America’s a fun place and, on the whole, things are fairly similar to the UK. But dig deeper and it’s a world full strange quirks and bizarre words like “rutabaga” and “sidewalk.” Americans and Brits may both speak the same language, so why is there a host of different phrases that all mean the same thing?
It’s a hill I’ve had to overcome in recent months, and along the way I’ve learned that where you say “lug nut,” I say “wheel nut.” And, when you tell me you own a Scion FR-S, I say “what the hell is one of those, do you mean a Toyota GT86?”
Why must you be like this, America? It’s just making things awkward!
Because of all these strange new terms, it isn’t sufficient to just learn the correct way to write about your “favourite aluminium saloonl” Instead, there’s a whole new language of car terms to wrap your head around. Shifters, gas stations and dome lamps must all be understood if you hope to stand any chance of becoming a transatlantic car fan.
My fellow writers here have been on hand to point out any rogue U’s in my work, the odd reference to a “driver’s licence” and the mistaken use of any European car names. And, there have even been handy pointers from commenters, with one recently informing me that “the forecourt” was a made-up UK term that nobody else uses. The more you know.
But then, Jalopnik managing editor Lalita Chemello uncovered a glossary of UK and U.S. driving terms that she thought would be handy for me to have. I guess the time had come for me to stop using ‘indicator’ instead of ‘turn signal’ in all my blogs. Sorry about that.
It’s made for a fascinating read and I finally now know what everyone is talking about in our team Slack! And, as well as spotting all the different terms used over here, I discovered that the American words for many automotive things are already prevalent back home.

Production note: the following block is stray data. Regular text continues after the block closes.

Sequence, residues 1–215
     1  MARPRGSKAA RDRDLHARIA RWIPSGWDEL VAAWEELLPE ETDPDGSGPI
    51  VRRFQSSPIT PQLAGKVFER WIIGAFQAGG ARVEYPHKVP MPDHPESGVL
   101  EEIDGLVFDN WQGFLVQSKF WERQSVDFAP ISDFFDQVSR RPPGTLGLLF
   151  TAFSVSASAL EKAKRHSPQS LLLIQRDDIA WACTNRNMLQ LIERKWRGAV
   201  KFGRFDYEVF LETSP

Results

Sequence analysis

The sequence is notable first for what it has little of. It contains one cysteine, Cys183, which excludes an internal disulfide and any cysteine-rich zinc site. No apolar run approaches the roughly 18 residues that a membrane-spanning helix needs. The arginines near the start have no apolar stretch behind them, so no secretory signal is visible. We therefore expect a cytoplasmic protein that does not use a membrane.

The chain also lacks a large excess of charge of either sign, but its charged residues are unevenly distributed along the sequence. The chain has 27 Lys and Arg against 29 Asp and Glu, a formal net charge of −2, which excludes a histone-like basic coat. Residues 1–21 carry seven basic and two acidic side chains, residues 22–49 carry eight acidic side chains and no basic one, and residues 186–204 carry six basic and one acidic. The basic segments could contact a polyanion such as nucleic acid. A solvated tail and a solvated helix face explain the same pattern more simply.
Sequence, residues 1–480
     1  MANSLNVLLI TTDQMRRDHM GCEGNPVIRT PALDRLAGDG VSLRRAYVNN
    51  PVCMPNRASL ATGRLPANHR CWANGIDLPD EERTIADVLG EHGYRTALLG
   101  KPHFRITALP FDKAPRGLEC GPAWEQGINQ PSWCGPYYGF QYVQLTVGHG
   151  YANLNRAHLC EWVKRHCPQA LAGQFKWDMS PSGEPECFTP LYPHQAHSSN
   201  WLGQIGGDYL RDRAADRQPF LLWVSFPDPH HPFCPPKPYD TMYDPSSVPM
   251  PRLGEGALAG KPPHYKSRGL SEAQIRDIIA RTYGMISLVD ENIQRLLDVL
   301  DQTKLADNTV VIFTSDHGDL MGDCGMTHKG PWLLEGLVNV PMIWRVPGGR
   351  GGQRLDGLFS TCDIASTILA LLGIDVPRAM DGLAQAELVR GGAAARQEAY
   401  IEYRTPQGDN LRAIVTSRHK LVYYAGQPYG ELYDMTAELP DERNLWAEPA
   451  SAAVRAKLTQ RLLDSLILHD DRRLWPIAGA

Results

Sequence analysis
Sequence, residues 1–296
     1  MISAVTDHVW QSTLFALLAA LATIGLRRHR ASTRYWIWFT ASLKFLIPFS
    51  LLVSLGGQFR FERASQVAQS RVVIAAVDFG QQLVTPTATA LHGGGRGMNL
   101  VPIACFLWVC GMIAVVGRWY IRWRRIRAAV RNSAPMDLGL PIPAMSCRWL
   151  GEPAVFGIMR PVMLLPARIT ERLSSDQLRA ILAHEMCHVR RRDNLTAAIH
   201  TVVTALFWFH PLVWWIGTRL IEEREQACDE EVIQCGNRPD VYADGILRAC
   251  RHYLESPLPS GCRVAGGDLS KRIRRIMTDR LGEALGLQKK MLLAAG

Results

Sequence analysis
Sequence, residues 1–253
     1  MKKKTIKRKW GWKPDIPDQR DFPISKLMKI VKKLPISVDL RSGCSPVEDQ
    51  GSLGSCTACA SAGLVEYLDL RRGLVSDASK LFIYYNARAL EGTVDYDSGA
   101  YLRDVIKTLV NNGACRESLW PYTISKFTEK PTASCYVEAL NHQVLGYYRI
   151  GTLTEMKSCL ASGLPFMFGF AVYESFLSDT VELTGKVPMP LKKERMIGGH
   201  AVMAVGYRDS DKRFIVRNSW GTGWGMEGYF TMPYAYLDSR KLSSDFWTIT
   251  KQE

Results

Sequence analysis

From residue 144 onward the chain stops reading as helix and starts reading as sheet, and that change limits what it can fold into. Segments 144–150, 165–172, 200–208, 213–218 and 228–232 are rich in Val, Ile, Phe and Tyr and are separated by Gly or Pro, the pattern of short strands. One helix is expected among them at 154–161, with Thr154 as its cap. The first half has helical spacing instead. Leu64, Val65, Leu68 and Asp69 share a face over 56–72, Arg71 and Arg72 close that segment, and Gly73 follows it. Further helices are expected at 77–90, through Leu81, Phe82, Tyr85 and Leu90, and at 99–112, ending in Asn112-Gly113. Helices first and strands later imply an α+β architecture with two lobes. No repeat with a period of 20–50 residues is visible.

Sure, “hood,” “trunk,” and “muffler” are all words I’ll have to get used to. But apparently I should have been referring to a car battery as an “accumulator” all my life, and the “shock absorber” is actually a “damper” back home. You learn something new every day.
Also, why is the self-titled “oil pan” called a “sump” in Britain? That’s just trying to make things overly complicated.
But the same can be said for the new terms I’ve had to pick up to fit in stateside.
According to my new dictionary, the clearance of a car is now called its “lash,” and a spanner is now a wrench. Also, why is a lorry now a tractor trailer?
There’s further confusion still to come, as my new dictionary tells me an “exhaust manifold” is now a “header,” which is simple enough. But Steve DaSilva assures me that these are actually both acceptable terms over here.
“Also ‘exhaust manifold’ is any bad factory manifold, and ‘headers’ are cool good aftermarket parts.”
That’s always good to know.
Hopefully, my newly discovered automotive glossary, and handy hints like this, will make everything I write fluent in American now. Fingers crossed at least.
But, what other strange automotive phrases are out there? It’d be great to hear some of your favorite American phrases that I should know, or any international sayings that you wish would find their way into the vehicular vocabulary of this fine country I now call home.